Longtime Philadelphia District Attorney Lynne Abraham has applied for an appointment to fill out the remainder of DA Seth Williams’ term.

“I submitted my paperwork today,” Abraham told City&State PA, in a Thursday phone interview. “I think that given events of the past couple of years, the office needs to return to a sense of mission and purpose.”

A board of judges will convene over the next week to vote on an appointee that will complete Williams’s term, which expires next January. The two-term DA recently pleaded guilty to federal bribery charges.

Abraham said that if selected, she will seek no salary or other compensation, describing her interest as a “public service.” She said she would not try to parlay the appointment into a permanent staff position under the victor of November’s general election.

“It’s very demoralizing to work in an office when your leader is ruining the mission of the office,” she said, referencing Williams’ frequent personal scandals. “That was an anomaly. We should go back to being the type of office we’ve always been.”

Previously, Abraham served as the city’s DA for nearly two decades, from 1991 to 2010, after being appointed by judges to complete Ron Castille’s term in office. She won a reputation as a tough-on-crime Democrat during her tenure – alsogarnering media nicknames like the “Deadliest DA” for her use of the death penalty.

But former defense lawyer Larry Krasner’s win in May’s Democratic DA primary is just one of many signals that the city’s political climate has shifted in a more progressive direction on criminal justice issues since Abraham left office in 2009. 

Even Williams, whom she hired as an assistant district attorney, backed some changes - like marijuana decriminalization and increased diversionary programs – that would have been unthinkable in the ’90s.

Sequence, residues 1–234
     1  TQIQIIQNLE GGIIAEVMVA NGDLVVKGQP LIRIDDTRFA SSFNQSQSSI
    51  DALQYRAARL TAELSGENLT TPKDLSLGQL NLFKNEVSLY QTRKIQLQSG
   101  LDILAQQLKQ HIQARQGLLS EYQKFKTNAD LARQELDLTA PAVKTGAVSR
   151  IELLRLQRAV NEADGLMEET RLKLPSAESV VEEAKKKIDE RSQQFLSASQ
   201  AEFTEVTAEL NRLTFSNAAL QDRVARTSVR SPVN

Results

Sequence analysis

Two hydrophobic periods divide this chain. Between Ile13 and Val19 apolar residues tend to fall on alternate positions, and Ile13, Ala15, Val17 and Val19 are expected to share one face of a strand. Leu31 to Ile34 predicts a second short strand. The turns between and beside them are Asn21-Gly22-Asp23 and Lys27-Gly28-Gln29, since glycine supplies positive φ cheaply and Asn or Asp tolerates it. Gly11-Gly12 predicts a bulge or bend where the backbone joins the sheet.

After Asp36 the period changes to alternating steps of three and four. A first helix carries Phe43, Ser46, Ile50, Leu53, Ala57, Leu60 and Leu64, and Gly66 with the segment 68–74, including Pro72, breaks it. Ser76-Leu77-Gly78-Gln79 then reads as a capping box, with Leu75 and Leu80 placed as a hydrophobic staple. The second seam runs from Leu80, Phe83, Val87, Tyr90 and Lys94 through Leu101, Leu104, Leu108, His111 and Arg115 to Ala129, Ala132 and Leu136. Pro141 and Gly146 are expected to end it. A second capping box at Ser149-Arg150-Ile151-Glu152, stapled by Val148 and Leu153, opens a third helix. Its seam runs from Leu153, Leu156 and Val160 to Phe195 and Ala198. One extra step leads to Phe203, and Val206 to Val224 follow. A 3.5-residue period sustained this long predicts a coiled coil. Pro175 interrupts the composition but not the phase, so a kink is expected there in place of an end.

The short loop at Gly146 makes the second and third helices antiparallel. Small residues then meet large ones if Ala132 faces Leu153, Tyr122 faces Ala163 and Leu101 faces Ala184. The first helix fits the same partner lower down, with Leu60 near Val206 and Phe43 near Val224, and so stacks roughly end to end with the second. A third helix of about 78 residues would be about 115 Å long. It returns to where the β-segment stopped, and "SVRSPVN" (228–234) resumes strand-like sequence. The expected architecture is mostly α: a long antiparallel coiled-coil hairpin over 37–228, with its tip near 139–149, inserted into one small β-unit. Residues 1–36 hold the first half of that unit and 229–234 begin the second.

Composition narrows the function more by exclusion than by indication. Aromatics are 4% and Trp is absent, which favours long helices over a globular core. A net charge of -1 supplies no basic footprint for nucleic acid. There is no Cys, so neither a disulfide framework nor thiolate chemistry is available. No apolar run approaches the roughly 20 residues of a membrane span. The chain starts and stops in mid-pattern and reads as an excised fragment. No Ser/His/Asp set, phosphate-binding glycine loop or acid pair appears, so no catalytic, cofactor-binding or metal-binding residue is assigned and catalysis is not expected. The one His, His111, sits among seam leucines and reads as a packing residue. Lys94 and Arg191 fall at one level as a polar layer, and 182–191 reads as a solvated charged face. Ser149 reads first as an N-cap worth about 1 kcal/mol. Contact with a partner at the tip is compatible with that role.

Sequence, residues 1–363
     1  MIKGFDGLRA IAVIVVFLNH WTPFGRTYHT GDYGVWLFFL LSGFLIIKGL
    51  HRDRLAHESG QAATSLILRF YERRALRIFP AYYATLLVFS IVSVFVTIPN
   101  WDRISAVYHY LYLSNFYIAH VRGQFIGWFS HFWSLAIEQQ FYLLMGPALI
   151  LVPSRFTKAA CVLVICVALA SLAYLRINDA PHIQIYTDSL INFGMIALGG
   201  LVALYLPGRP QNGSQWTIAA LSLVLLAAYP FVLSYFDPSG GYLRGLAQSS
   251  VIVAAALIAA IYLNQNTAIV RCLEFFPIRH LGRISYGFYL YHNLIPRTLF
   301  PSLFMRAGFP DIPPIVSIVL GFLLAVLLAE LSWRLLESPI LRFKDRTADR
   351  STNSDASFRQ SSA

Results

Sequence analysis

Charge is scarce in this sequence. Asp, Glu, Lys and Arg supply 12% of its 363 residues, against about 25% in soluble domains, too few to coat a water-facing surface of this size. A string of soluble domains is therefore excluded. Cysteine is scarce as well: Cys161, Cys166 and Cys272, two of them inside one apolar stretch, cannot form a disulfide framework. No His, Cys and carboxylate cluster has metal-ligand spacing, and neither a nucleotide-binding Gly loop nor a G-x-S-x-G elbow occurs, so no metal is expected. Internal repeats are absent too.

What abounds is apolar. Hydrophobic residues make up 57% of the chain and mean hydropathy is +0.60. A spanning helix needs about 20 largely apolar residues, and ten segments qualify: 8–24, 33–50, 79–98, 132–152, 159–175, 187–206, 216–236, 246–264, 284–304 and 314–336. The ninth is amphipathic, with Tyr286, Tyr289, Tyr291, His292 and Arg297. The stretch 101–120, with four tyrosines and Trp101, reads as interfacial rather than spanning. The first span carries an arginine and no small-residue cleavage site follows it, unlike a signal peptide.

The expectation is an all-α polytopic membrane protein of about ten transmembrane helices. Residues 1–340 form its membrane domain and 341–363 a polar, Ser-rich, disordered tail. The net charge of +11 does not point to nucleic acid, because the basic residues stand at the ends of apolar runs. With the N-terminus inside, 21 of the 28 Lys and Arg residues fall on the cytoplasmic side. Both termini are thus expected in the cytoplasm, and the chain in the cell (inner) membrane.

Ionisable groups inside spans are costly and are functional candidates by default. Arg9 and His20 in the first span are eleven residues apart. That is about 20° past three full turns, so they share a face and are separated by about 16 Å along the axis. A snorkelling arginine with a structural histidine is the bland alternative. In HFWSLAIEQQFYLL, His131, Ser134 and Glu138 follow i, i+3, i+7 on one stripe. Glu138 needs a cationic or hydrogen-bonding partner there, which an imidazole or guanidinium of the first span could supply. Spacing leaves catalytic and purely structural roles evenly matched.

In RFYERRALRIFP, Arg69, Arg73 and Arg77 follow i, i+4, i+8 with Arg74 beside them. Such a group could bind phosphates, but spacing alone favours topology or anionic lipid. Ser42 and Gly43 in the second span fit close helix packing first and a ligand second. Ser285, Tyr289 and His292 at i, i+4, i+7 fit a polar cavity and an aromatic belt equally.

Abraham said she would not seek to reverse these efforts or undermine the agenda of her possible successor: Krasner and his Republican opponent Beth Grossman are vying to succeed Williams.

“Here’s the reality: In about five and a half months, the job of the interim DA is not to engage in wholesale change,” she said. “I will not impinge the prerogatives of the next DA. Although, I also do not presume that Larry Krasner is going to win in November.”

Krasner’s campaign did not offer a comment on Abraham’s interest in the post. But the longtime defense attorney was recently interviewed by Philadelphia Magazine about his thoughts on Abraham.

“You want to find the bottom of the barrel, that’s where the bottom of the barrel is,” Krasner said, of Abraham’s tenure.

Grossman, meanwhile, was more ebullient on the prospect of a second Abraham era at the Philly DAO.

"Former District Attorney Lynne Abraham certainly knows how the District Attorney's Office runs and would be able to immediately begin to restore much needed direction and consistency to its day to day operations," she said.

Abraham is the latest big name to jump into the appointment battle – other high-profile candidates are also vying for the job, including the primary’s runner-up Democratic DA candidate, Joe Khan, retired Judge Paul Panepinto, and judges Ben Lerner and D. Webster Keogh. Kathleen Martin, an administrator who effectively ran the DAO during Williams’ imbroglio, is also in the mix. 

Still other names have been circulating in the rumor mill as possible entrants: ADAs like John Delaney and Kelly Hodges, and judges Leon Tucker and Dan McCaffery have all expressed their interest in the appointment, sources told City&State PA.

Khan has been one of the most vocal about his ambitions. Ken Snyder, a former Khan campaign consultant, said the following about Abraham’s ambitions.

“Lynn Abraham would be a bridge to the past, while Joe Khan would be a bridge to the future,” he remarked.

A filing deadline for applications will expire tomorrow.